Ubuntu 20.04 LTS is code named as Focal Fossa where LTS stands for long term support that obligates it to update and maintain the software during the lifespan of the release which is five years (till April 2025) in this case.
In this guide, we are going to demonstrate how you can download and install Ubuntu 20.04 LTS on your system.
Minimum System Requirements
- 2GHz dual core processor or superior
- Access to fast internet
- 4 GB system memory
- 25 GB hard drive space
- USB port or DVD drive
Steps for Installing Ubuntu 20.04 on your system
Step 1: Download Ubuntu
Download the Ubuntu image here: https://ubuntu.com/download/desktop
After clicking the green download button of the desired version, you have the .iso file downloaded on your system.
Step 2: Create a bootable USB
This process requires inserting a USB stick of 4GB storage or more (make sure the data on this drive is backed up).
In order to get the ISO image onto the USB flash drive you need to download a software such as Rufus utility. After opening the website of Rufus <https://rufus.ie/en/>, scroll down and click 3.17 version (latest version) and download it.
After the USB has been inserted, it will allow the user to run Rufus. The Windows account control will ask if you allow the app to make changes to the device and the user needs to click yes. In case there is a pop-up dialogue asking whether you want to check online updates or not, you need to click no.
Rufus will show the device on which the ISO image is going to be installed on. In the Boot Selection Drop down box, click Disk or ISO image and click select box on the right.
After clicking select, a new window will open up and you can select the ISO Ubuntu file or image that you downloaded earlier.
Other settings are automatically filled, so click START at the bottom.
Step 3: Boot Ubuntu from USB flash drive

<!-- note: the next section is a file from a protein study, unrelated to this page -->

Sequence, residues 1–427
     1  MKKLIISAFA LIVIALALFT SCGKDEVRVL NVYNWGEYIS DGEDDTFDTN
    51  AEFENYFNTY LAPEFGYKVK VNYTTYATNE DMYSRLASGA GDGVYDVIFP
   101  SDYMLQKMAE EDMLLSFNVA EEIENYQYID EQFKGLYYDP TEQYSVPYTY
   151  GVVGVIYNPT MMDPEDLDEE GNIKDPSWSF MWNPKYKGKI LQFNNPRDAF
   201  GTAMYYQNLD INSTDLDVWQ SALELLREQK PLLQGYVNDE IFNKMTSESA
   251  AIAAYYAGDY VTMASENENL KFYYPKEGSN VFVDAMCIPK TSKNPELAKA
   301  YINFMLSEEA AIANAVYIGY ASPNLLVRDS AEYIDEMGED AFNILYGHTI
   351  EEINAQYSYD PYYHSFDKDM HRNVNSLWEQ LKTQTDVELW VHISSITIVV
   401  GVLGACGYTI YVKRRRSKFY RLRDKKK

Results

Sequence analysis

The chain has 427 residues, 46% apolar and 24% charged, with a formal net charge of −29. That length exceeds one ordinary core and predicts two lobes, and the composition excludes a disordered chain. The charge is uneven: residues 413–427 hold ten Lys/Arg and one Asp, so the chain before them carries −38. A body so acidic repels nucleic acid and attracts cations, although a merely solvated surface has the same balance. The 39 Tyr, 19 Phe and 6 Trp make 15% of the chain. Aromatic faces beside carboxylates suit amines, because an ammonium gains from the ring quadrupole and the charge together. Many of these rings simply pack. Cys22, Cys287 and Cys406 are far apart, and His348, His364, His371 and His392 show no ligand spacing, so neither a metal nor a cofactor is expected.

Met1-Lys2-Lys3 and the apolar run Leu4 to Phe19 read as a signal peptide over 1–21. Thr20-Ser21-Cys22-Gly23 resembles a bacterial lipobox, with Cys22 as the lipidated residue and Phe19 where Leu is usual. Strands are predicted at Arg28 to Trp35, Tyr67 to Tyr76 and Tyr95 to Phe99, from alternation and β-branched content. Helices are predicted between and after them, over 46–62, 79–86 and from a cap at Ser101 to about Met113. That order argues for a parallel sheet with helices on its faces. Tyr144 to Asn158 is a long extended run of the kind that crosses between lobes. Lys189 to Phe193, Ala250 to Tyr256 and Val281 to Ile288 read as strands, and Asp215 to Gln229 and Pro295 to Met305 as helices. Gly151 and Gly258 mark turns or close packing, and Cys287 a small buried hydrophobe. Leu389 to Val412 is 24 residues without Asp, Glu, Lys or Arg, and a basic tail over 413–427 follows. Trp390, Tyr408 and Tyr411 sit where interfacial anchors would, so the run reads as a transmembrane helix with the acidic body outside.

Now, your flash drive is ready and primed with Ubuntu on it which enables you to boot from it.
Next the user needs to restart the system and remove any other devices such as memory cards, printers, extra USBs etc. After restarting insert the Ubuntu USB in to boot from it.
The computer either boots automatically or allows the user to manually figure out USB booting from the boot menu or BIOS/UEFI. Most desktops and laptops nowadays have a boot manager which lets the user choose which drive they want to boot from whether it is a DVD, USB or computer’s internal hard drive.
To access the boot order/ manager manually, you need to press the right keyboard before the Windows logo appear on the screen. The most common shortcuts to enter boot manager in order of popularity are Esc, f8, f9, f10, f11 and f12. Try these one at a time by pressing one key repeatedly.
Once the boot manager enlists the options to boot from, use arrow keys to choose your USB to boot Ubuntu from and press enter. Your PC or system will load Ubuntu and run it straight from USB which is a live working version of the operating system that will be installed on your system.
Step 4: Install Ubuntu
When the USB is loaded, an installation window comes up. There are two options Try Ubuntu and Install Ubuntu.
The first option boots the user to the live session whereas Install Ubuntu installs it directly to the hard drive.
After selecting Install Ubuntu, you can choose your preferred keyboard layout and then click continue.
From the customization options, you can choose which apps you would like to install to start with. You can choose Normal Installation which includes office software, games and media players whereas Minimum Installation saves disk space.
You will be asked to confirm other options and user can choose as per his preference. The options are Download updates while installing Ubuntu and Install third-party software for graphics and Wi-Fi hardware and additional media formats. Click continue.
Installation type dialogue will pop up which is a point of no return. Before installing Ubuntu, you should wipe the hard drive clean. Dual booting can be done by installing Ubuntu in the free-space of Windows through automatic disk-partitioning.
Advanced users can edit the advanced features how they want.
Click continue to apply changes. Write changes to disk dialogue will show up on the screen. To proceed, click continue.
This will begin the installation process, and you need to select the time zone through entering the nearest largest city.
Personalization options for creation of a user account will pop up. You need to fill the required fields click Continue to install Ubuntu.
Remove the installation media after Ubuntu is installed and click Restart Now. This will enable the system to boot into the new install.
After following the above steps, Ubuntu 20.04 is successfully installed on the system of the user.
Karim Buzdar holds a degree in telecommunication engineering and holds several sysadmin certifications including CCNA RS, SCP, and ACE. As an IT engineer and technical author, he writes for various websites.